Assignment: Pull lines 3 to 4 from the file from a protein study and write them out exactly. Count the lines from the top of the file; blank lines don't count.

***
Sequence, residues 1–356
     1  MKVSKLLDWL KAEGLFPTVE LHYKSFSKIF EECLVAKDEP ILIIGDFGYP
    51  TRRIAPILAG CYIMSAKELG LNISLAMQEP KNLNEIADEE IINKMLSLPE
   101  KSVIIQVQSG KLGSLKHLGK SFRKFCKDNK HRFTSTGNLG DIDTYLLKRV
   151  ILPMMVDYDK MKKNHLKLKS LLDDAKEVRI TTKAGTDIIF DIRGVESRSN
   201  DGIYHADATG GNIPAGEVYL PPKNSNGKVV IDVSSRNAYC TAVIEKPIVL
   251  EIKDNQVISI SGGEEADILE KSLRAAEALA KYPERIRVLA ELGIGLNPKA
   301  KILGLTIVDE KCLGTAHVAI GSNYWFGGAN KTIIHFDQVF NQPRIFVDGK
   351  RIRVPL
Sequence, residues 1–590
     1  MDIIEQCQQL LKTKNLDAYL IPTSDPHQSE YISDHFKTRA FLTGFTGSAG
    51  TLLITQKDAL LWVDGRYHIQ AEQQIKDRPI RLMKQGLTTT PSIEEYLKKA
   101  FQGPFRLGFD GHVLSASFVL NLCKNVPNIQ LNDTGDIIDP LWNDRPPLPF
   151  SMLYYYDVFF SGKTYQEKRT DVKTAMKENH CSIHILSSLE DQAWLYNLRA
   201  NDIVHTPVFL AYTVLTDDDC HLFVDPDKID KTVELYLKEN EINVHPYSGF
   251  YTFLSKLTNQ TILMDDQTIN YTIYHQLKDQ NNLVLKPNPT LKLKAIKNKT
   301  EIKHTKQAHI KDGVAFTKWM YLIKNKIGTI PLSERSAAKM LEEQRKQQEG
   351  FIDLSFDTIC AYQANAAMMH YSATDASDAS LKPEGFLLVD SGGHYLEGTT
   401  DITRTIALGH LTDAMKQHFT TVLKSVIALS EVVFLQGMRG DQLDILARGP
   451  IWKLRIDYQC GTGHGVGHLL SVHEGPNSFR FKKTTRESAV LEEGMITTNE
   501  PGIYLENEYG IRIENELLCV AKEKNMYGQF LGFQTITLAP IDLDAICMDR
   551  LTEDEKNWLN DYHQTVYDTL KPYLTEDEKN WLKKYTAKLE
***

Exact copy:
    51  TRRIAPILAG CYIMSAKELG LNISLAMQEP KNLNEIADEE IINKMLSLPE
   101  KSVIIQVQSG KLGSLKHLGK SFRKFCKDNK HRFTSTGNLG DIDTYLLKRV